On Thursday, April 11, 2019 Missouri S&T will welcome artists, scientists, storytellers and thinkers to explore this year's theme, Overlooked.
Phelps County Master Gardener Charlotte Wiggins will be a featured speaker.
From their website -
What is it to be seen and unseen? Life is so fast-paced that seemingly ordinary, everyday experiences can become ubiquitous.
What did you see that was previously hidden? How have you changed or augmented the world you perceive and interact with around you? How did the experience illuminate you by the act of noticing the overlooked?
For those of you wanting to experience TEDxMissouriS&T, but are off-campus, you can order online HERE
Tickets are also available through calling Leach Theatre box office at 573-341-4219 or by visiting the box office Monday through Friday from 10:00 a.m. to 4:00 p.m.
Meet the speakers HERE
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COLUMBIA, Mo. – Holiday plants will live to bloom another year with proper care, said University of Missouri Extension state horticulturist David Trinklein. Now is the time to start that care.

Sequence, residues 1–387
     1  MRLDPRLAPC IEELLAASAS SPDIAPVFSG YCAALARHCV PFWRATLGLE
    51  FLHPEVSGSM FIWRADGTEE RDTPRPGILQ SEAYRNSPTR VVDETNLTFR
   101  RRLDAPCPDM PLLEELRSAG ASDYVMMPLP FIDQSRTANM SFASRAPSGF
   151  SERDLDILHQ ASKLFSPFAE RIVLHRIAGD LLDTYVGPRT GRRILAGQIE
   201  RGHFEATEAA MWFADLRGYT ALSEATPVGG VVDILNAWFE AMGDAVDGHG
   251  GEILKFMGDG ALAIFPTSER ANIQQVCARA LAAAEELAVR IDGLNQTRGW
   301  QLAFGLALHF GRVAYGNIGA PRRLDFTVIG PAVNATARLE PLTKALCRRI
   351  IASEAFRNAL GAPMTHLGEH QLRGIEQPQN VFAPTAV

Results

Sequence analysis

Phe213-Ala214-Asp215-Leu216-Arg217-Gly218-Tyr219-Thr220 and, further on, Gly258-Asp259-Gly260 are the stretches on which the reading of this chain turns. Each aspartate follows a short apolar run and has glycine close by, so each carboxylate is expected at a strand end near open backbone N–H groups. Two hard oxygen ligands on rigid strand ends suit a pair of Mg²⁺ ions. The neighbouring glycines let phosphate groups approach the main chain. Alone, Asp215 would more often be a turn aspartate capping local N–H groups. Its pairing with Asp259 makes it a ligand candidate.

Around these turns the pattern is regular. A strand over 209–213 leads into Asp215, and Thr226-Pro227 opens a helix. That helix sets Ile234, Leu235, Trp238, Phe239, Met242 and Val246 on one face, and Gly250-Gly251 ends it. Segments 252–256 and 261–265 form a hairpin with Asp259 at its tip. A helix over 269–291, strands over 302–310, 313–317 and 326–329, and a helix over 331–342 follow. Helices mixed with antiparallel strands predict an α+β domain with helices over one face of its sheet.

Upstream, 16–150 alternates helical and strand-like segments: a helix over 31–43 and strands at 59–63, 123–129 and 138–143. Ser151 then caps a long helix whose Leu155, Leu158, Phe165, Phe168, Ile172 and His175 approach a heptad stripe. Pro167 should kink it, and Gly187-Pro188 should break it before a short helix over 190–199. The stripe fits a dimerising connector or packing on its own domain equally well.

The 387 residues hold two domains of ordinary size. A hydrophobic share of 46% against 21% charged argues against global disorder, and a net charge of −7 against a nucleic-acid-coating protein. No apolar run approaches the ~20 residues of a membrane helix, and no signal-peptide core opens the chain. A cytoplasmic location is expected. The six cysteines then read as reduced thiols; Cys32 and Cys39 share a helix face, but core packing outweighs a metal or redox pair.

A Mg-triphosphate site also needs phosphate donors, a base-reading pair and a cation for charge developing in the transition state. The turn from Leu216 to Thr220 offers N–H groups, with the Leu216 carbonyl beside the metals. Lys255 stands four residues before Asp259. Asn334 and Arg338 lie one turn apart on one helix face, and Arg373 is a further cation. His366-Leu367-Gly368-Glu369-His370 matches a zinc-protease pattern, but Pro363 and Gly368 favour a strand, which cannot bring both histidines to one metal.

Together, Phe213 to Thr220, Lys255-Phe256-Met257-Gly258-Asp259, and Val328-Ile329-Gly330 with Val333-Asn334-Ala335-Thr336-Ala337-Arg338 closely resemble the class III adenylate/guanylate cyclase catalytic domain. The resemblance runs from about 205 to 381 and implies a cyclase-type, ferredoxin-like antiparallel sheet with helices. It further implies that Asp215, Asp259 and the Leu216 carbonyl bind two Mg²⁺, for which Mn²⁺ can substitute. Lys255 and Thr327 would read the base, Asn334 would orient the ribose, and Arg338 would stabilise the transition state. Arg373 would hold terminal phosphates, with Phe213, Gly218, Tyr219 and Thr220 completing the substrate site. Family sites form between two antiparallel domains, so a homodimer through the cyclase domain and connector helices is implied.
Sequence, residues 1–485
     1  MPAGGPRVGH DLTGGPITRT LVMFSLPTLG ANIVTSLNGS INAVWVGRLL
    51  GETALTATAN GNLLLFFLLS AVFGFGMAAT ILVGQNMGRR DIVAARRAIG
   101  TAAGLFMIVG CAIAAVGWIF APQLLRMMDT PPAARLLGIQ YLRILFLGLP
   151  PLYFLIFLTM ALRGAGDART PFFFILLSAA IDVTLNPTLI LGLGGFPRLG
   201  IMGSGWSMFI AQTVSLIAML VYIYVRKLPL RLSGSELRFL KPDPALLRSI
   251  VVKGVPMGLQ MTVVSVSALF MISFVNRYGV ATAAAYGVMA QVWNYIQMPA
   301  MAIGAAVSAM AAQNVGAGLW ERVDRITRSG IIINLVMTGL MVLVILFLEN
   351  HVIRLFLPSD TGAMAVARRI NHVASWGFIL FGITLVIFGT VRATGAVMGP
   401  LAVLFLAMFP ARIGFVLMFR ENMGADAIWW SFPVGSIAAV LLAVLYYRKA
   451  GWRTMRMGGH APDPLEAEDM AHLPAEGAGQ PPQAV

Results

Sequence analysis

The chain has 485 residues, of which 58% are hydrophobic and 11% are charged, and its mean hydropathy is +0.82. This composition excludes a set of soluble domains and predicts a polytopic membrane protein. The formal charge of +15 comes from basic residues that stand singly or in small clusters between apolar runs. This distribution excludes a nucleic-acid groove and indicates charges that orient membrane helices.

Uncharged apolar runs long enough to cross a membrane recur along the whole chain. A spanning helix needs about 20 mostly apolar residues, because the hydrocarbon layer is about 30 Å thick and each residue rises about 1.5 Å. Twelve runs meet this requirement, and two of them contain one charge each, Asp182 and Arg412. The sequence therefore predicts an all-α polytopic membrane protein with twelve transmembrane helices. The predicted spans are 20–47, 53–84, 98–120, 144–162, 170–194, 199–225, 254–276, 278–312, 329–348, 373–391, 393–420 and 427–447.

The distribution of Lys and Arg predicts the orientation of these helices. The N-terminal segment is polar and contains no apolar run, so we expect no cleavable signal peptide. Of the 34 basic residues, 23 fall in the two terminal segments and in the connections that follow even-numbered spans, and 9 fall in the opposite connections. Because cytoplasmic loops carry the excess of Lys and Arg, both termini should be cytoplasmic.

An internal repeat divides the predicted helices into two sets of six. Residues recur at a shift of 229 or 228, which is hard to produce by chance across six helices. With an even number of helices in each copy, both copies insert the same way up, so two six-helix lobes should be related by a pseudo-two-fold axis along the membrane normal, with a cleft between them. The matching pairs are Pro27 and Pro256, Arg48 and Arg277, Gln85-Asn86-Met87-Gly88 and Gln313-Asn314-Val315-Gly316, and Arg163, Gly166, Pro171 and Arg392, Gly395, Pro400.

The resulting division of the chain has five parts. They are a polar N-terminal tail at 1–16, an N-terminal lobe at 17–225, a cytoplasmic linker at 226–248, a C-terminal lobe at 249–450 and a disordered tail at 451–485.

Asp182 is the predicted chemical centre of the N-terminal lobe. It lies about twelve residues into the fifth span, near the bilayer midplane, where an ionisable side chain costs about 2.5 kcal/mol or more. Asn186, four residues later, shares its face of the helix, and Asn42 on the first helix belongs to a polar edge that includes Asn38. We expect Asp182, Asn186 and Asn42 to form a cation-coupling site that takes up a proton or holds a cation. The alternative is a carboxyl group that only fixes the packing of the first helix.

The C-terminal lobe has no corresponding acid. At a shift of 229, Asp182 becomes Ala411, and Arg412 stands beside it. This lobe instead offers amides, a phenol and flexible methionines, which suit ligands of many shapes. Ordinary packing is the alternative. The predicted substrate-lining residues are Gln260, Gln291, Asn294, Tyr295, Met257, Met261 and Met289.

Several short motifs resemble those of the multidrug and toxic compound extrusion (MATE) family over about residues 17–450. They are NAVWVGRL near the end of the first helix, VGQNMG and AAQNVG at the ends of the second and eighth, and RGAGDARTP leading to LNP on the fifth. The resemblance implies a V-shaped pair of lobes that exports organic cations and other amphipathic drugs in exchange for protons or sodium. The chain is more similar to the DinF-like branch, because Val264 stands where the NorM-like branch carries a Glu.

Plants such as amaryllis and Christmas cactus received as gifts this past Christmas can be forced to re-bloom next holiday season. They truly are “gifts that keeps on giving,” said Trinklein. Start holiday plant care now for blooms next Christmas
COLUMBIA, Mo. – Amaryllis is the perfect last-minute gift for young and old, says University of Missouri Extension horticulturist David Trinklein. “Plants make thoughtful gifts at this time of the year, or simply represent a good way of rewarding yourself for an accomplishment,” he said. Buyers can choose amaryllis that are already bursting in bloom, but Trinklein prefers giving bulbs that bloom in the dreariest part of winter. The bulbs also make a good gift for children as a beginning horticulture project. Most amaryllis today are hybrids developed by the Dutch. They are selected for their huge, showy flowers and forcing ease. Vigorous bulbs can produce up to six perfectly round flowers per flower stalk. The blooms can be 6 to 8 inches in diameter. “Amaryllis are the cure for the winter blues,” Trinklein said.
MU research targets Japanese beetles
University of Missouri Extension field crops entomologist Kevin Rice hopes his research on Japanese beetles will take a bite out of their buffet.
Japanese beetles cause large economic losses for the agricultural community. Adult beetles typically feed on silks and tassels in corn and foliage on soybean. They also damage the foliage and fruit of more than 400 flower, shrub and tree species.